Catrett, 477 U.S. 317, 322-23, 106 S.Ct. 2548, 91
L.Ed.2d 265 (1986). To avoid summary judgment, " [t]he
nonmoving party may not 'rest on mere allegations or
denials, but must demonstrate on the record the existence of
specific facts which create a genuine issue for
trial.'" Mosley v. City of Northwoods, Mo.,
415 F.3d 908, 910 (8th Cir. 2005) (quoting Krenik v. Cty.
of Le Sueur, 47 F.3d 953, 957 (8th Cir. 1995)).
judgment is precluded if there is a factual dispute that
could affect the outcome of the case. Anderson v. Liberty
Lobby, Inc., 477 U.S. 242, 248, 106 S.Ct. 2505, 91
L.Ed.2d 202 (1986). For purposes of a motion for summary
judgment, the court views the facts and the inferences drawn
from such facts " in the light most favorable to the
party opposing the motion." Matsushita Elec. Indus.
Co., Ltd. v. Zenith Radio Corp., 475 U.S. 574, 588, 106
S.Ct. 1348, 89 L.Ed.2d 538 (1986).
HRMC's motion for summary
Is HRMC entitled to summary judgment on the breach of implied
Dakota Codified Law 53-1-3 establishes that a contract is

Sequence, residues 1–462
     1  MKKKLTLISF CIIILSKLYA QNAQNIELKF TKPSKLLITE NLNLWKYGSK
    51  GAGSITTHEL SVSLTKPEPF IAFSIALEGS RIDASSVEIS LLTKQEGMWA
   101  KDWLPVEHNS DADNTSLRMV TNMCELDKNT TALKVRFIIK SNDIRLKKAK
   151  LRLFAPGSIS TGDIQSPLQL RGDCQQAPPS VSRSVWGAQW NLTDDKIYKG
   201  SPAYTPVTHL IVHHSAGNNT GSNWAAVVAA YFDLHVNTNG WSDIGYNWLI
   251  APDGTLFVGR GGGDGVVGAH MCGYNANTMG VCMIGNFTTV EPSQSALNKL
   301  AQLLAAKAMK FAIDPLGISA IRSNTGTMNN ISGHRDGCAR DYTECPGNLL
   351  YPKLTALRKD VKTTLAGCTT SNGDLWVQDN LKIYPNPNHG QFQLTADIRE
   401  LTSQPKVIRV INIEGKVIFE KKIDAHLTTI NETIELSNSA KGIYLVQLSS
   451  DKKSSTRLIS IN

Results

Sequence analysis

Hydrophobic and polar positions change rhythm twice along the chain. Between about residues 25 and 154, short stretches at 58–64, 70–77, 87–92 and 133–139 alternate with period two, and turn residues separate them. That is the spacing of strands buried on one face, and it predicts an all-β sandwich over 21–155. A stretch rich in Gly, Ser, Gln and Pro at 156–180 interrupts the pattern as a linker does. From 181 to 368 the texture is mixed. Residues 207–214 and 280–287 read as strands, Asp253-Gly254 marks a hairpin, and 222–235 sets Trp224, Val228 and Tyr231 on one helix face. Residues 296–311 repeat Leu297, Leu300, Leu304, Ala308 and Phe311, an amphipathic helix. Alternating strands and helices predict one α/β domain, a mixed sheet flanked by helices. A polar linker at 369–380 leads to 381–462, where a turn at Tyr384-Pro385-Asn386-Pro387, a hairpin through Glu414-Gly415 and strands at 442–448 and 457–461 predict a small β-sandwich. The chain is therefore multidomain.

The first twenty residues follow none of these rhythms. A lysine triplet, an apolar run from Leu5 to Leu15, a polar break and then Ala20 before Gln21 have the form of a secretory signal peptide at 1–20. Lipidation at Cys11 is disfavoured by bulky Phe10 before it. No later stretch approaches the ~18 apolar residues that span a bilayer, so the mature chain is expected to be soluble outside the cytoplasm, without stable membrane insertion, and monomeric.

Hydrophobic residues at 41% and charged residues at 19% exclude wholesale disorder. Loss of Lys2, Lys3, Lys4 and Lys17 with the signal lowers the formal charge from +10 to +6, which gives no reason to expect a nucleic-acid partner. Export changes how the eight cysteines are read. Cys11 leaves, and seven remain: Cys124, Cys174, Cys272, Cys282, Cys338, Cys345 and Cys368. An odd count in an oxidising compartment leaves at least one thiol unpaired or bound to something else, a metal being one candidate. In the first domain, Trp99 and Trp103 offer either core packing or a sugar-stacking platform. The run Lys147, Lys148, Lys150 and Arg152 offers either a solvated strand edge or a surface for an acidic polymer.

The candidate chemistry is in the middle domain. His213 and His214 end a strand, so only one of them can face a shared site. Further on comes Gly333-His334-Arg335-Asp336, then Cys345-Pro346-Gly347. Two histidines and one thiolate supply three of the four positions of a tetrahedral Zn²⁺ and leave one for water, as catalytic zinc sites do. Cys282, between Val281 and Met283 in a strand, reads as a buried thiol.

either " express or implied." An express contract
is " one, the terms of which are stated in words,"
whereas " [a]n implied contract is one, the existence
and terms of which are manifested by conduct."
Id. " A contract can either be express or
implied, but not both." Humble v. Wyant, 2014
SD 4, 843 N.W.2d 334, 343 (S.D. 2014) (citing SDCL 53-1-3).
HRMC asserts that the court should grant summary judgment on
count two of Dr. Miller's complaint, alleging a breach of
implied contract, because the dispute involves a written
Surgical Services Agreement and HRMC Medical Staff Bylaws.
Because the parties signed and operated in accordance with
the written agreement, HRMC's motion for summary judgment
regarding count two of the complaint, alleging a breach of
implied contract, is granted.
Is HRMC entitled to summary judgment on the breach of express
It is well settled in South Dakota that 'a hospital's
bylaws constitute a binding contract between the hospital and
the hospital staff members.'" Mahan v. Avera St.
Luke's, 2001 SD 9, 621 N.W.2d 150, 153 (S.D. 2001).
When analyzing whether a party has breached the bylaws, the
court applies " the normal principles for construction
and interpretation of a contract." Id. at 154.